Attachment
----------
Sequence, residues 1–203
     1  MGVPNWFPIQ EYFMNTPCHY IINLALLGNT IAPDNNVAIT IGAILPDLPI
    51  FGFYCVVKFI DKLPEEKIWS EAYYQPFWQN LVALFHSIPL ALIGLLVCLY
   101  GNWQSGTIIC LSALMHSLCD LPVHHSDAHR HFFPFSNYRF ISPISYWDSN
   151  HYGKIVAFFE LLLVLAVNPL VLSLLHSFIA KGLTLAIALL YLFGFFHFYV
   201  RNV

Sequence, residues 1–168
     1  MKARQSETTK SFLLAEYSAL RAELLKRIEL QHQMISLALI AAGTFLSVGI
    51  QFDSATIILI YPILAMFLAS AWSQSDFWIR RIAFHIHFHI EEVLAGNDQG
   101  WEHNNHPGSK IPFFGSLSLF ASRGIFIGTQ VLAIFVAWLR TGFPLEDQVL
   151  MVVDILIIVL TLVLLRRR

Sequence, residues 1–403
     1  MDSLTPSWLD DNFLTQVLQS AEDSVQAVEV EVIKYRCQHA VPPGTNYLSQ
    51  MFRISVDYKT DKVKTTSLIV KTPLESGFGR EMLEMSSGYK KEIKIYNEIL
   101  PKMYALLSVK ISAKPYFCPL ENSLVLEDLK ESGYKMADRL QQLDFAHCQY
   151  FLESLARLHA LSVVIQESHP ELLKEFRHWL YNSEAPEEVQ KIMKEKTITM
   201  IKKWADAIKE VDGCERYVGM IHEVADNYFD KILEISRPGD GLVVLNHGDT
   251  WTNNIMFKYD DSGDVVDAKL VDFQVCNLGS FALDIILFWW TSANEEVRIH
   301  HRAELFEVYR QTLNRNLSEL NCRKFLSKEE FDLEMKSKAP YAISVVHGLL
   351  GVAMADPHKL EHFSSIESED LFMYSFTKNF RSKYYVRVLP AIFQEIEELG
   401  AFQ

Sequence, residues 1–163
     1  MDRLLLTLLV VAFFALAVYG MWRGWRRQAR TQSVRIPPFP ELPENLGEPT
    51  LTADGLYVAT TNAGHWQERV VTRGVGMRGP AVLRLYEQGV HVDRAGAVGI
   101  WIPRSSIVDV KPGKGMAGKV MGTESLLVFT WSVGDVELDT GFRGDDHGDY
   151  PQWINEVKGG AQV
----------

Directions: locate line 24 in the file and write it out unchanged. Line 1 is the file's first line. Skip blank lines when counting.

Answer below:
    51  LTADGLYVAT TNAGHWQERV VTRGVGMRGP AVLRLYEQGV HVDRAGAVGI